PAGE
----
Try BlazeTV for Free

No parent wants to unknowingly harm their child, but something is changing our kids. "DOCK 2" host and educator Tracy Levinson has been intrigued by the declining attention spans of her students.

According to a study by Microsoft Corporation, the average human attention span has dropped from 12 seconds in 2002 to eight seconds in 2013. This newer number is one second shorter than a goldfish, which can supposedly pay attention for 9 seconds.

Tracy acknowledged, “I know it can be stressful and sometimes embarrassing to be on a business call or in a public place and to have a crying baby, or complaining child. I also know that many of you are working, have several children, and some of you are single parents just trying to make it through the day. Giving yourself lots of grace is important."

Before cell phones, parents perhaps quieted their kiddos with a pacifier (which Tracy's mom told her would ruin her kid's teeth), a favorite book, or a fun toy. On the worst days, they might have succumbed to giving a restless child candy -- back to the rotten teeth dilemma. (And yes, her kids did get a few cavities.)

Honestly, parents were probably not thinking much at all, just trying to keep their children from being a distraction to their current project or to others. "I am not a perfect parent," Tracy admitted. "Our kids survived our imperfect parenting, and so will yours."

Your phone or iPad won't cause cavities and has a very high success rate of quieting your kid. Yet, there is enough disturbing evidence that encourages parents to take a deep pause before handing little people those cool technological gadgets. "Don’t beat yourself up if you have allowed too much technology to dominate your parenting," Tracy said.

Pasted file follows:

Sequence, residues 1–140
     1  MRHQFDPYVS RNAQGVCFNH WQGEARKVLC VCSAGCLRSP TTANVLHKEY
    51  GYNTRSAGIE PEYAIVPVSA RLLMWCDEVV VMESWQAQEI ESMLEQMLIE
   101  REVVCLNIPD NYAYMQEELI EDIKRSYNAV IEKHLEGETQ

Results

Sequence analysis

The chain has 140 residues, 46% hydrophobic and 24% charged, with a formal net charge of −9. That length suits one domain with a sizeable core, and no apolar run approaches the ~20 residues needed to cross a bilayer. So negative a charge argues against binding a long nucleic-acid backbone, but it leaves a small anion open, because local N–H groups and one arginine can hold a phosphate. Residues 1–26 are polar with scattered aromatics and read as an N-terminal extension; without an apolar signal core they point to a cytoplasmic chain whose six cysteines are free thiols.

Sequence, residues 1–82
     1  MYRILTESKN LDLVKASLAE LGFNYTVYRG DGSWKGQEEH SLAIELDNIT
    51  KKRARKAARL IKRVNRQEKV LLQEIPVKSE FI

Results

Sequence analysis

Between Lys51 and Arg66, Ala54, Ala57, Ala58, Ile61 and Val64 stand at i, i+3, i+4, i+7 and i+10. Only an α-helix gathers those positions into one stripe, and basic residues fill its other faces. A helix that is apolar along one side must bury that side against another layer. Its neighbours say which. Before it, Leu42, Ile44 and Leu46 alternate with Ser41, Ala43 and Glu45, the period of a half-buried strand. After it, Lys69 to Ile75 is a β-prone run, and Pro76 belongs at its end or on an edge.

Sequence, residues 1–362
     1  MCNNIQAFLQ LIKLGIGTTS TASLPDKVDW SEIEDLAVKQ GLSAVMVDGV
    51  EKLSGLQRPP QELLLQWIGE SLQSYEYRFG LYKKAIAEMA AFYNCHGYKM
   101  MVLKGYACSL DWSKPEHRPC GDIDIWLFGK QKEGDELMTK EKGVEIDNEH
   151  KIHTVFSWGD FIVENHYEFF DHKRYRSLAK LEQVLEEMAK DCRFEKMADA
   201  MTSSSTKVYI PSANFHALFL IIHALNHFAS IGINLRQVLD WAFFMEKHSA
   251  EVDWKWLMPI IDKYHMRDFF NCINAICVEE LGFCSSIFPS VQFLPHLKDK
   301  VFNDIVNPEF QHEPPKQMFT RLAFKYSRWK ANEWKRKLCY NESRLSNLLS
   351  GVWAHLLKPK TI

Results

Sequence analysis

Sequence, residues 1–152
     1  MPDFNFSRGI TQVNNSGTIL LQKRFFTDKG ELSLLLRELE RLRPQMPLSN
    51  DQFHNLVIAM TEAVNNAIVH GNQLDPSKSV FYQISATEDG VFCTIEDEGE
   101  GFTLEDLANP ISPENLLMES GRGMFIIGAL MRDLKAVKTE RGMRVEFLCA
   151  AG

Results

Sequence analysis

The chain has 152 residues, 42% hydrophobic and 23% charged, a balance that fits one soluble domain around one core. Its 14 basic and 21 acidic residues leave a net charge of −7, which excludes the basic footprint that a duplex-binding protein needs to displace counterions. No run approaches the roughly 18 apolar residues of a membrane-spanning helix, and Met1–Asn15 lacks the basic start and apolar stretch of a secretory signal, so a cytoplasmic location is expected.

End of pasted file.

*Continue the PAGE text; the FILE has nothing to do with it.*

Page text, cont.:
However, let’s take a moment to reconsider its use, especially with babies. Your child only has one shot at a healthy brain. “Experts” consider the stage from birth to about three years old as the “critical period.” Tracy likes to think of the brain as a superhighway system, and the “critical period” creates the foundation for the whole structure.

Baby neural networks, located in the brain’s frontal lobe are extremely sensitive. This is where we decode information and comprehend social interactions. Facial expressions and vocal cues like tone and inflection are important in building relationships with actual humans.

Imagine a mom or dad snuggling up and reading a favorite storybook to a child. The little one has to visualize the pictures and exert mental effort and concentration to follow the story line. Now picture a baby with a synthetic smartphone or an iPad.

This kid seems so smart. With the swipe of a tiny finger they are rapidly spoon-fed dynamic colors, shapes, sound effects and words. This process can make their cognitive muscles lazy, because it does most of the work for them. Even worse, this instant gratification process produces glee-like dopamine which eerily mimics the brain process of a drug or porn user.

Tracy said, "I am not trying to freak parents out. Never mind -- that’s not true. I admit it: I am sorta trying to freak parents out. I really care about parents. Not going for guilt here. But, how about genuine concern? Don’t you agree that we should proceed in these uncharted technological waters with great caution, especially with the brains of our little people. As much as it stinks, let’s be inconvenienced."

"Let’s let them cry, if necessary," she continued. "Even though it’s a pain, let’s remove them from public places if we need to during a crying/complaining event."

For more information, check out this additional DOCK 2 video with Pastor Jon Brooks, a conversation between two educators who are passionate in encouraging parents raising the next generation.

To see more from Tracy, visit her channel on TheBlaze.

One last thing…
Watch TheBlaze live and on demand on any device, anywhere, anytime.
try premium
Exclusive video
All Videos
Watch BlazeTV on your favorite device, anytime, anywhere.
Try BlazeTV for Free
Sponsored content
Daily News Highlights

Get the news that matters most delivered directly to your inbox.